Video of Cambridge police arresting black Harvard student draws ire from officials

The Cambridge Police Department on Saturday said it launched an internal probe after video appears to show officers tackle and and punch a black Harvard student who was naked as they arrested him on Friday night.

Police claim that the use of force was warranted to arrest Selorm Ohene, 21, who they say was aggressive and high on drugs at the time, The New York Times reported.

GRAPHIC VIDEO WARNING 

The student reportedly remains in a hospital under police watch. He was charged with indecent exposure, disorderly conduct, assault, resisting arrest and assault and battery on ambulance personnel.

A video of the incident was released Sunday amid outcry regarding the officers’ conduct. Witnesses accuse the police of acting without provocation.

The footage appears to show several police officers standing in circle around Ohene. An officer appears to grab the student’s legs from behind, prompting both of them to fall. Ohene is reportedly heard crying and one officer is seen punching the man. Police said one of the officers punched Ohene five times in the stomach.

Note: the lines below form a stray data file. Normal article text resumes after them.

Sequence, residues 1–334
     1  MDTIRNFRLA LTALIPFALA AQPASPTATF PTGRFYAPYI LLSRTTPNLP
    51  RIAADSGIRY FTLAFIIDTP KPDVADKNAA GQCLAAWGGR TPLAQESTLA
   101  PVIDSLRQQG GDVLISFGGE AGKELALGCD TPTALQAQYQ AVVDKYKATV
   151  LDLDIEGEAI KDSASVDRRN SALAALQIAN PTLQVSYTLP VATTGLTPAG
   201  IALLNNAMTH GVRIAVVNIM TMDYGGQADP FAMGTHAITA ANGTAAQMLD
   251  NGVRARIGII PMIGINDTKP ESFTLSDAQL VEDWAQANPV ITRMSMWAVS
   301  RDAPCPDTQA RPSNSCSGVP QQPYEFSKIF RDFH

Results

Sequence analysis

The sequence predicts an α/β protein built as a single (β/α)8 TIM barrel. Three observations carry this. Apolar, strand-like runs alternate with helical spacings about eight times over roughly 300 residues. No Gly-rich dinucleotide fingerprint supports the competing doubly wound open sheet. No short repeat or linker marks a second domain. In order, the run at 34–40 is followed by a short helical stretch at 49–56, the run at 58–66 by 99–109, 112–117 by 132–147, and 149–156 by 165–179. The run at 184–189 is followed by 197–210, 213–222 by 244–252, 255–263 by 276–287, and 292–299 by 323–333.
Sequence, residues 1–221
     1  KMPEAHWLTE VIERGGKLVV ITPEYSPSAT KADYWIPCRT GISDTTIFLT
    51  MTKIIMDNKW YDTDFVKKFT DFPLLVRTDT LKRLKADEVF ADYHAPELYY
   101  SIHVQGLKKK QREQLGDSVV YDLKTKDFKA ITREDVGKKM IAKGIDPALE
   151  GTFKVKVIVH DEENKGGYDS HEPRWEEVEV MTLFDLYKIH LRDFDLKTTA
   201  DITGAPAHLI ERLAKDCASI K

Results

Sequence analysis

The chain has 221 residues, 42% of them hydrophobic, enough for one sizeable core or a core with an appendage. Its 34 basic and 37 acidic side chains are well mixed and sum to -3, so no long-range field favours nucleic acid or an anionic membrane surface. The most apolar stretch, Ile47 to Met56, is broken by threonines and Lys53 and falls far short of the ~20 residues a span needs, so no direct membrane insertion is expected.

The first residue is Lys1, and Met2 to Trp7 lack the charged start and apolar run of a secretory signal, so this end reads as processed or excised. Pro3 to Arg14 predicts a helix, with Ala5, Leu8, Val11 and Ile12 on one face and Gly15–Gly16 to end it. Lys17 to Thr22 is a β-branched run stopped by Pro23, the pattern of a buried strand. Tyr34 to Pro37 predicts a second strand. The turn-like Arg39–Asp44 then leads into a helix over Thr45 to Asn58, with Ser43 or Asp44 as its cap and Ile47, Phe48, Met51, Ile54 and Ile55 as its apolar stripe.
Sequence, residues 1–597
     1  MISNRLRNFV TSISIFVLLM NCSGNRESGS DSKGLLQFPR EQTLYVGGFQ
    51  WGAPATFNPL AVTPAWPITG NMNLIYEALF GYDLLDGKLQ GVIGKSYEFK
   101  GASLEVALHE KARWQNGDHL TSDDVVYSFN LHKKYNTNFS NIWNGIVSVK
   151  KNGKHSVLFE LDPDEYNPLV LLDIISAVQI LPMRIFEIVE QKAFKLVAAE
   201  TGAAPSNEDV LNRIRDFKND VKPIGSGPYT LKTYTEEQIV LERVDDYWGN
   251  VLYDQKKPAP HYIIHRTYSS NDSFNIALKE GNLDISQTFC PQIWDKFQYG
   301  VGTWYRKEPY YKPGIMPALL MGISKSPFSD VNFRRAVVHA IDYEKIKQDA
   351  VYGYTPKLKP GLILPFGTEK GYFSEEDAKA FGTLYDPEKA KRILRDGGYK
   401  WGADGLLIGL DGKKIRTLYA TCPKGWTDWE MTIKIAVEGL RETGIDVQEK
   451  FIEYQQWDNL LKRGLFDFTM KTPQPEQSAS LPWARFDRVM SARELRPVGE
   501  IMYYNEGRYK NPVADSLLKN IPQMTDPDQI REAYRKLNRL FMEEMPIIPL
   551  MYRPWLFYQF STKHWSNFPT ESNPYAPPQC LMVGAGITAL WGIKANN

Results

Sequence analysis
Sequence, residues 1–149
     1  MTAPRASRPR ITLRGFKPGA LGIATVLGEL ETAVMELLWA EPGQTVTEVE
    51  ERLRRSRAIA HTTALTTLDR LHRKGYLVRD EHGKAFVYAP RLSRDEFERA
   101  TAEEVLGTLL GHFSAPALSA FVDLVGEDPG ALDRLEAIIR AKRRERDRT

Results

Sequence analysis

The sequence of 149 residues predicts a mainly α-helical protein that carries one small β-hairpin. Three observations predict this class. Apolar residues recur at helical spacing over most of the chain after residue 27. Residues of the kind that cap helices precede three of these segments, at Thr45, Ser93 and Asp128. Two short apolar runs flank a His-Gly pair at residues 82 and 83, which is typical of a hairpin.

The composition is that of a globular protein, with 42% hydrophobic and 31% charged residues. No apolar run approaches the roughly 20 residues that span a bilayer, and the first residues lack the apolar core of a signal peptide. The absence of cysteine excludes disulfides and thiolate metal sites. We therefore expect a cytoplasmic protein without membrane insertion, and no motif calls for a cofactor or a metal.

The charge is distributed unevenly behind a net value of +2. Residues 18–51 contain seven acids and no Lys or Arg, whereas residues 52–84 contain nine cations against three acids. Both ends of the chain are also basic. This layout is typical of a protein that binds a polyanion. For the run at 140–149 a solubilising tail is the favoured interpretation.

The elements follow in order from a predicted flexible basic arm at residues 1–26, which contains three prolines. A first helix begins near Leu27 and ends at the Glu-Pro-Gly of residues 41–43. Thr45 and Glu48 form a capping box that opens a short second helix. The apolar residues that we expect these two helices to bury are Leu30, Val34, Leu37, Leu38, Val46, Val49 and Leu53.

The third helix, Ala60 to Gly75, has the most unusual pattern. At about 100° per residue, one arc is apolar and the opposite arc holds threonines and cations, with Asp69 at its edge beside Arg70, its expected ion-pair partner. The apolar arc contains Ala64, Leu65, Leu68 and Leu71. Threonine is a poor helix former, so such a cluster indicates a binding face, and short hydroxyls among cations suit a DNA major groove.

“We demand that the officers who assaulted this man while he was naked, fully subdued and bleeding on the ground be investigated and held accountable."

— The Harvard Black Law Students Association

The Harvard Black Law Students Association said police “assaulted” the naked man and demand full transparency.

“We demand that the officers who assaulted this man while he was naked, fully subdued and bleeding on the ground be investigated and held accountable,” the group said in a statement, according to the Times.

Drew Faust, the president of the university, said that although she does not yet know all the facts, the incident is “profoundly disturbing.”

Cambridge Mayor Marc C. McGovern called the incident “disturbing” and said in a statement Sunday that “that the horrific treatment of black Americans at the hands of law enforcement has no place in Cambridge.”

Branville G. Bard Jr., the Cambridge police commissioner, said Monday he’s standing behind the officers’ conduct.

“You have to judge their actions within the context of a rapidly evolving situation and not within an ideal construct,” Bard continued. “We operate in a practical world.”